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Kazakhstan: Nuclear Fallout Still Signals Health Hazards

Ten years ago today, Kazakhstan announced an end to nearly 40 years of nuclear tests and the closure of all testing sites on its territory. The Kazakh government would later voluntarily give up all its nuclear weapons as well. The damaging effects of hundreds of nuclear tests had already been done, however, and Kazakhstan is still living with the fallout. So yesterday's announcement by Kazakh President Nursultan Nazarbaev that the country is considering allowing other nations to bury their nuclear waste on its territory came as something of a surprise. RFE/RL correspondent Bruce Pannier examines the issues.

Prague, 29 August 2001 (RFE/RL) -- On 29 August 1991, Kazakhstan declared that it was ending nuclear testing at its northern Semipalatinsk range. The announcement halted nearly four decades of explosions that have left scars both on the landscape and the people of the region.

The timing of the announcement by Kazakhstan was interesting, coming as it did eight days after the failed coup in Moscow. Kazakhstan would later receive more attention for announcing that it was decommissioning the nuclear arsenal it had inherited from the Soviet Union.

The missiles and warheads are gone now, but the effects of the testing will be with the people of Kazakhstan for many years to come.

Kazakhstan President Nursultan Nazarbaev spoke yesterday at a ceremony in Almaty marking the release of his new book about the topic of nuclear weapons testing, titled "Peace Epicenter." The title, Nazarbayev explained, comes from the fact that "Kazakhstan found itself at the epicenter of global confrontation...."

There is a certain logic to the title. At the start of the Cold War, the Soviet government needed testing sites for its nuclear weapons program. Northern Kazakhstan was one of two sites chosen in the Soviet Union -- the other was the virtually uninhabited island of Novaya Zemlya in the Arctic Circle. And it was in northern Kazakhstan -- on 29 August 1949 -- that the first Soviet nuclear test was conducted.

More than 450 nuclear tests had been carried out in Semipalatinsk -- most of them above ground -- by the time Mikhail Gorbachev declared a moratorium on such testing shortly after he became Soviet leader in 1985. A 1992 study estimated that 1.6 million people in Semipalatinsk had been affected by the radiation released during the nuclear testing.

While Semipalatinsk -- an area roughly half the size of Switzerland -- was the most active nuclear testing site in Kazakhstan, Nazarbaev said yesterday that nuclear testing was conducted over almost half of present-day Kazakh territory.

At his book launch, Nazarbaev said: "Kazakhstan was the only country in the world where an inhumane totalitarian regime carried out experiments without regard for the ecology or the health of the population, even though the problems were known."

Studies of the region indicate higher rates of cancer and other diseases than in most of the rest of the world. Lakes near where the tests were carried out have an eerie glow. Television and photo-journalists traveling in the region, including those from "National Geographic" magazine, have documented shocking images of deformities among the local population. The respected U.S. television news program "60 Minutes" broadcast the image of a baby still-born with a Cyclops-like eye, which became a symbol of just how serious the situation had become in Semipalatinsk.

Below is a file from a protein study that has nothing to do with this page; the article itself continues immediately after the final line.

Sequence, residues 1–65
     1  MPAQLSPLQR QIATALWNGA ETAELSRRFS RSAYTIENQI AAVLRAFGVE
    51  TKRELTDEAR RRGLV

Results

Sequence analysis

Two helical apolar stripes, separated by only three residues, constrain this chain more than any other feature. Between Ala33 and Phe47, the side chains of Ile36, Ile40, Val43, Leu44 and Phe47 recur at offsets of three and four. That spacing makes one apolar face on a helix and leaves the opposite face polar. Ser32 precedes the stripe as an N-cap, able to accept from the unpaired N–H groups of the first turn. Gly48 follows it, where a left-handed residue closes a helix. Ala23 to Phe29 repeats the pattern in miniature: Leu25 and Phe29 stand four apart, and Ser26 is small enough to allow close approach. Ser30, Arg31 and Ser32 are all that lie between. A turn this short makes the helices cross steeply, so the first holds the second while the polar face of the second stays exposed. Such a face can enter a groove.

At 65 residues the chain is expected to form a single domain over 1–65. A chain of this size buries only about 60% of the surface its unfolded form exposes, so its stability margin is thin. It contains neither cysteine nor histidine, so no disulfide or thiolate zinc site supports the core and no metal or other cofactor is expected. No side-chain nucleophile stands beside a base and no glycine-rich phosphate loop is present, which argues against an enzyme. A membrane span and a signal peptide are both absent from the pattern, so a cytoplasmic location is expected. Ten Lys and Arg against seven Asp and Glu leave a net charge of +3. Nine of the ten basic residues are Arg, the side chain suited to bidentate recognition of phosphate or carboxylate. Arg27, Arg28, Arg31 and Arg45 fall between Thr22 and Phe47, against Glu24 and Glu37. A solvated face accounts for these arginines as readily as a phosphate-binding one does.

Roald Sagdeev is the director of the center for space research at Kazakhstan's East-West Institute and attended yesterday's ceremony in Almaty. Sagdeev says the temperature in the Semipalatinsk region is now about 10 degrees Celsius higher than historic norms and has remained so for the last four years. He attributes this rise in temperatures to the nuclear testing.

Despite the harm to the environment and the local population, Kazakhstan's decisions to close the testing sites and give up its nuclear arsenal were not easy to make. Its nuclear arsenal had originally been put into place to protect the Soviet Union from neighboring China. Some Muslim nations had even been quick to congratulate Kazakhstan on becoming the "first Islamic nuclear state."

The United States helped Kazakhstan destroy its nuclear missiles. Russian technicians dismantled the warheads and sent them back to Russia, while U.S. specialists removed the weapons-grade uranium.

Kazakhstan was nuclear-free by the mid-1990s. President Nazarbaev said yesterday that Kazakhstan will remain a nuclear-free zone and urged other Central Asian nations not to pursue their own nuclear weapons programs.

Of course, for anyone who lived or still lives around Semipalatinsk, or near other former testing sites in Kazakhstan, the damage is done. Every common cold brings the suspicion of something much worse. Every pregnancy is a gamble.

So it came as a surprise that at yesterday's presentation of his new book, President Nazarbaev announced that Kazakhstan is considering a plan to allow low- and medium-grade radioactive waste from other countries to be buried in Kazakhstan.

Experts of the national Kazakhatomprom company believe the country can bring in $30 to $40 billion over the next 25 to 30 years by allowing the burial of such waste on its territory.

Those experts say the waste could be safely buried in old uranium mines in western Kazakhstan's Mangistau region -- or, ironically, in the former Semipalatinsk nuclear testing range.

(Edige Maguin of the Kazakh Service contributed to this report.)